You will be given one minute to plan and then you will talk for between 1-2 minutes.
Below are some tips that I give to all of my speaking classes:
Click below for a strategy you can use each and every time.
IELTS Speaking Part 3
In part 3 test the examiner will ask further questions which are linked to the topic talked about in part 2.
This part of the test is designed to give you the opportunity to talk about things in a more abstract way.
Below are the most common questions that examiners ask in Part 3.
Below are some tips about the psychology of Part 3 and how to mentally prepare for that part of the test.
There are four parts to the IELTS marks scheme:
- Fluency and Coherence
- Lexical Resource
- Grammatical Range and Accuracy
Don’t worry if you don’t know exactly what these are; we will look at each of them in detail in this article.
IELTS Speaking Topics
In Part 1 of the test, it is very likely that you’ll be asked about familiar topics, such as:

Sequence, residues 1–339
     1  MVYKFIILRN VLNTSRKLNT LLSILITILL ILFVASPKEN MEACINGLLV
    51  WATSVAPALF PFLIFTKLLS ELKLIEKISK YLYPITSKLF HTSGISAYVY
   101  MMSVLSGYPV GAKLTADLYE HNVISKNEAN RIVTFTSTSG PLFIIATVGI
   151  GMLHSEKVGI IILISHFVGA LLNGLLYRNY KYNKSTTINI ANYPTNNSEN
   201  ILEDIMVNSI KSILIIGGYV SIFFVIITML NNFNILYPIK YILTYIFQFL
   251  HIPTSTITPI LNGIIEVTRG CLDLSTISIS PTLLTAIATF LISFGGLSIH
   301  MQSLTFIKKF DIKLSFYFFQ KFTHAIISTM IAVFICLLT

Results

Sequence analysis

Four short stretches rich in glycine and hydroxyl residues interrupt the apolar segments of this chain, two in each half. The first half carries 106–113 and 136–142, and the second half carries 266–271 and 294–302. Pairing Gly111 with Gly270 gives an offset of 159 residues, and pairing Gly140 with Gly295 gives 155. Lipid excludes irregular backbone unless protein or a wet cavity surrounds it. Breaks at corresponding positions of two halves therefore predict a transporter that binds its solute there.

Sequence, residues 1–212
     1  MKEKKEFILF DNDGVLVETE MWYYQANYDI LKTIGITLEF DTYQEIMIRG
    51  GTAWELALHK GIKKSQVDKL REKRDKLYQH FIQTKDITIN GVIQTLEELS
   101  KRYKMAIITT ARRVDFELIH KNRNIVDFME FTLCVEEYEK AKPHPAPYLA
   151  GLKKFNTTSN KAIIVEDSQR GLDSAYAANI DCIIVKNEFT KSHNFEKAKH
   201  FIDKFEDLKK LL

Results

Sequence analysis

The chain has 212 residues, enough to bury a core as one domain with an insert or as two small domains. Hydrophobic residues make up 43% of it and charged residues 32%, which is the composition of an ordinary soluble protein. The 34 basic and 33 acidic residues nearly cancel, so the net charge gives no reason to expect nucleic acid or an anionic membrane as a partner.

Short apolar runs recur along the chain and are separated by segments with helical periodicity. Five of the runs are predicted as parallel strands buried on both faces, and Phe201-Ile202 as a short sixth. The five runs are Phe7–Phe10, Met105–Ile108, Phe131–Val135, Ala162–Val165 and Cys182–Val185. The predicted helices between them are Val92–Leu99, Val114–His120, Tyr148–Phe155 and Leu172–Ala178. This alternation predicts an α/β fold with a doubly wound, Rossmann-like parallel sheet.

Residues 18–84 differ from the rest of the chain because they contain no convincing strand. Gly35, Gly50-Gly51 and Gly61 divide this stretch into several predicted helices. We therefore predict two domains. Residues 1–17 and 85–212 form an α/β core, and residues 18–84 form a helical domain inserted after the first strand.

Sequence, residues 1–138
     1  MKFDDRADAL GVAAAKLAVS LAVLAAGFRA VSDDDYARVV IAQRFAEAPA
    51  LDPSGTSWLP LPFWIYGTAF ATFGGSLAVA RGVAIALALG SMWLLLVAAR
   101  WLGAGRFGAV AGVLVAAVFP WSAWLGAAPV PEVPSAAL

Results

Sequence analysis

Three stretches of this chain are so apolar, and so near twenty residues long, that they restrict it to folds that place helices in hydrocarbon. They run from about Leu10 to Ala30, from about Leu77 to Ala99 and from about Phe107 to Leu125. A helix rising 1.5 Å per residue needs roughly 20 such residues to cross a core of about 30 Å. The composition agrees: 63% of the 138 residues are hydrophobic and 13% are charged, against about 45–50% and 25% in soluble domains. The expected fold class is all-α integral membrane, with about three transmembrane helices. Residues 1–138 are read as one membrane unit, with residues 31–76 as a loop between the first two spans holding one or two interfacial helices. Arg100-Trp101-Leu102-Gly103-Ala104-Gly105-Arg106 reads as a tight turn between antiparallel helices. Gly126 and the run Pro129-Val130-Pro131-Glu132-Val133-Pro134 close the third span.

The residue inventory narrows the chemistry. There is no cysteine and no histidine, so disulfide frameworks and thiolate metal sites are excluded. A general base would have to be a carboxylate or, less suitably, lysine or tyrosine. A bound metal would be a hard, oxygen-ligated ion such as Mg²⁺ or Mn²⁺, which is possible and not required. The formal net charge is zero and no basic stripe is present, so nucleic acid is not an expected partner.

- Your job or studies;
- Your hometown;
- Your family;
- Your home;
- Your likes and dislikes.
That does not mean that you should prepare memorised answers for these topics. The examiner will know exactly what you’re doing and could lower your score.
In Parts 2 and 3, it is impossible to predict which topics will come up. I carried out extensive research on this and you can see the results here.
IELTS Speaking Tips
Is it OK to ask the examiner questions? There are only two that you can ask him or her. The above article shows you how.
I don’t believe in quick fixes and tips are just that. These tips are useful if you just need a quick guide but do realise that you need more than just tips.
The above article will help you take a strategic approach to your preparation for your speaking test.